Among the 800 guests jammed into Central Park’s Boathouse for the October 3 celebration of the 16th year of German Unity were Christo and his flame-haired wife, Jeanne-Claude, whose February 2005 “The Gates” installation in Central Park split New Yorkers into pro and con factions. They told me that their latest “wrap” oevre is “The River Project” in Colorado. After a formal receiving line handshake with Germany’s permanent representative to the United Nations, Thomas Matussek, and his wife, Ursula and Germany’s consul general, Hans-Jürgen Heimsoeth and his wife, Lizabeth, guests headed to the buffet table, which were laden with roast suckling pigs, pates, wursts, herring-beet salads, pretzels and assorted cheeses. On a separate dessert table was a huge tureen of raspberry mousse topped by fresh raspberries, chocolate strudel and sublime Linzer tortes plus German wines including palate-tingling Rieslings. And at a discreet distance from treyf edibles was a large table with plastic covered platters of kosher food.
The Hans Wernicke Group jazz ensemble performed an un-strident, deconstructed version of Germany’s national anthem and a recognizable jazz interpretation of “The Star Spangled Banner.” Though the melody of Germany’s anthem remains unchanged, the new lyrics reflect the ethos of the 16-year-old unified Germany: “One state united for justice and freedom for the German fatherland.”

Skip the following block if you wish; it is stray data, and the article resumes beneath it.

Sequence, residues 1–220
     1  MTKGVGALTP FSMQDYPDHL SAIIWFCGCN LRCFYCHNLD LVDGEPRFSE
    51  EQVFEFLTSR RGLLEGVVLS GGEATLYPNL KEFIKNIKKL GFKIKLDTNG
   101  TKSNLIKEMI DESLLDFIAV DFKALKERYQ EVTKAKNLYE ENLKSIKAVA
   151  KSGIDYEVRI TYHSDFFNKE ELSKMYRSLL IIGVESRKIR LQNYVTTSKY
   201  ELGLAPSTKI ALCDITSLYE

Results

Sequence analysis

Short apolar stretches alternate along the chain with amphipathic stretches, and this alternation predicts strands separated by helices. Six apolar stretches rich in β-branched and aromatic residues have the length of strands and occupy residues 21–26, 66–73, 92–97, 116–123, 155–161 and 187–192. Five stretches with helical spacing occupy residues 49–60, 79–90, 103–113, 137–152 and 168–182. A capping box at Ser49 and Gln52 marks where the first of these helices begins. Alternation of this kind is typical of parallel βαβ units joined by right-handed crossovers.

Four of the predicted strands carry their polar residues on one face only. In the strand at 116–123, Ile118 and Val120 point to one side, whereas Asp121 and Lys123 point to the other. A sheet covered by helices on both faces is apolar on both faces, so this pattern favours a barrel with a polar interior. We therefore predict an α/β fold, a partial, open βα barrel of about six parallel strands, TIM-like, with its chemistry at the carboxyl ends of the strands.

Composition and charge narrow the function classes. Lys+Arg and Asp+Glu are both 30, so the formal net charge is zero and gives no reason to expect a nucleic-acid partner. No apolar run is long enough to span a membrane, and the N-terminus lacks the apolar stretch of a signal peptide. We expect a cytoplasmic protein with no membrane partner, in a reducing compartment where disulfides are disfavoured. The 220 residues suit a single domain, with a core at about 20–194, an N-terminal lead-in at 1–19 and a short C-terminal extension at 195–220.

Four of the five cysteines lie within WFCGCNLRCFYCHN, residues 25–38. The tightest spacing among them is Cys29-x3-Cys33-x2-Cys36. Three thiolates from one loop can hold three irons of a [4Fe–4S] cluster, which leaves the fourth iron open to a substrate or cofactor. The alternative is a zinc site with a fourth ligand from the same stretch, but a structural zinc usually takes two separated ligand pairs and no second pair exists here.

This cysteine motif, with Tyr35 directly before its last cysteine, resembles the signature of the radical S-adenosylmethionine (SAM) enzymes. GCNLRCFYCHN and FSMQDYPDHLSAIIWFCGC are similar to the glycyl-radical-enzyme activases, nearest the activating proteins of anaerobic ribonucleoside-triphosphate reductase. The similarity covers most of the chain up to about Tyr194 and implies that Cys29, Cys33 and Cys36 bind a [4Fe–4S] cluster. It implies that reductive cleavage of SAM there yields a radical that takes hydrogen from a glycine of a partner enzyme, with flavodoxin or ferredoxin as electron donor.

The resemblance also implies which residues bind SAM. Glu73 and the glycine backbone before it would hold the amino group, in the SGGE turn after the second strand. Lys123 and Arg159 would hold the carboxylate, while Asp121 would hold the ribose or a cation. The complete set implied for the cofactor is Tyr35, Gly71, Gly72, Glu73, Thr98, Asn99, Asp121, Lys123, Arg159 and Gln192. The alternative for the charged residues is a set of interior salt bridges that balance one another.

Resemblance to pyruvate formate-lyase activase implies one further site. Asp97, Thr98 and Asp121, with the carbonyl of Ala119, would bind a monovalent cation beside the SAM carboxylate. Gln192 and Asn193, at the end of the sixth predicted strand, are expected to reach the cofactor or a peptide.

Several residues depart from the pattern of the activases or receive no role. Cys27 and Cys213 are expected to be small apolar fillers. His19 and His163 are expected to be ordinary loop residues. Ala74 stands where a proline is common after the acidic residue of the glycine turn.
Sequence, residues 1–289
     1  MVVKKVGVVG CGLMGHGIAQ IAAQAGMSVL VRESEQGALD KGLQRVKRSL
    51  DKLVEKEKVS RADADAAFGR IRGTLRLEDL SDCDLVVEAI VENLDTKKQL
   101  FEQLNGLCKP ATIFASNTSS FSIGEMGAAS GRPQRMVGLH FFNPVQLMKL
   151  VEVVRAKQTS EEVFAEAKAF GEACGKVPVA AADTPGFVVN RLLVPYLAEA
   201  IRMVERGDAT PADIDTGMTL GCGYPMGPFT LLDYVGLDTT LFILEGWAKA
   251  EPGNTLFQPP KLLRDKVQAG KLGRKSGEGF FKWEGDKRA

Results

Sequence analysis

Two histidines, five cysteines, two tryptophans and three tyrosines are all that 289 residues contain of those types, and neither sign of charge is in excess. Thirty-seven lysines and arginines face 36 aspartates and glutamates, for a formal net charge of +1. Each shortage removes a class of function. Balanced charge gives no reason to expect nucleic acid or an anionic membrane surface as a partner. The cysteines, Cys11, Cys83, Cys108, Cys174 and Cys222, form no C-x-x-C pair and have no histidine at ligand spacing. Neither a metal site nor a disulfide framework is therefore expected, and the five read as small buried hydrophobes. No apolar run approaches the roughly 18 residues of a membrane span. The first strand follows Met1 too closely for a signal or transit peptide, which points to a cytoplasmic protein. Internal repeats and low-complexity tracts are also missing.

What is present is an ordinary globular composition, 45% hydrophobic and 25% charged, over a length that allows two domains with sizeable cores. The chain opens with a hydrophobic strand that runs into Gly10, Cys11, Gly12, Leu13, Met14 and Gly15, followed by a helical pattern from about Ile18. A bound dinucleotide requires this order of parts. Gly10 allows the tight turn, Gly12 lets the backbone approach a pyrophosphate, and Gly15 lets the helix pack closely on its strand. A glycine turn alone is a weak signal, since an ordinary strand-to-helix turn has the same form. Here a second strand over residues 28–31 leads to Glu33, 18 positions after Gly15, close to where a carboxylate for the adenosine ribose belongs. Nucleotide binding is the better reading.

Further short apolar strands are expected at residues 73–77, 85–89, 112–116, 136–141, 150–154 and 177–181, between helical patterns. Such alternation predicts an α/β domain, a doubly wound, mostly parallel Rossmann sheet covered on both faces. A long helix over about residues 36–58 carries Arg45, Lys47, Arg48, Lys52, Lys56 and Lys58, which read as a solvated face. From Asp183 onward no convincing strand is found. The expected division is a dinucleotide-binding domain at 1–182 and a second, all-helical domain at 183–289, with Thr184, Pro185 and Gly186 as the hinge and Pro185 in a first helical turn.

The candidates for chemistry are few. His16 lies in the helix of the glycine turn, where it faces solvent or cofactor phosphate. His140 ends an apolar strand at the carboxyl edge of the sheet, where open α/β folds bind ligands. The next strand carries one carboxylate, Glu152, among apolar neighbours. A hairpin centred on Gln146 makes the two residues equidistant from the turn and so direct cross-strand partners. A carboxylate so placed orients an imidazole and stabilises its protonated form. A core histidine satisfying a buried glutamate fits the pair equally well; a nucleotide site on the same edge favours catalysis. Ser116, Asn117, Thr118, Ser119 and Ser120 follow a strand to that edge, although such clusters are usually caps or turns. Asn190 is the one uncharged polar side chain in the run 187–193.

Defining Germany’s unification as “a velvet revolution,” Heimsoeth stated, “Germany’s unity, sovereignty… came at a great price.” He expressed gratitude to the United States” and touted the need for “unity… vital to the tradition we both inherited from our Judeo-Christian roots.” Amid the crush, I managed brief chats with Japan’s consul general, Motoatsu Sakurai; the American Jewish Committee’s Shula Bahat and Rebecca Neuwirth; Rabbi Arthur Schneier, senior rabbi of Park East Synagogue, and his wife, Lisabeth; Archbishop Celestino Migliore, Apostolic Nuncio and Permanent Observer of the Holy See at the United Nations; Lubavitcher Rabbi Yisroel Ber Kaplan and Tennessee-born Rabbi Beryl Epstein of the Chasidic Discovery Center in Brooklyn’s Crown Heights area. According to Kaplan:
“We are one of Brooklyn’s foremost tourist attractions…. Two hundred Reform and Conservative congregations send their confirmation groups on our tours…. They come from all over the 50 states, more than 40 countries and 100 [international] universities…. From Amish to Zion-Coptics. In fact, we had an Amish bishop with a group of teenagers from Lancaster [Pa.] on a tour — the only ones to ever come from the Amish community.”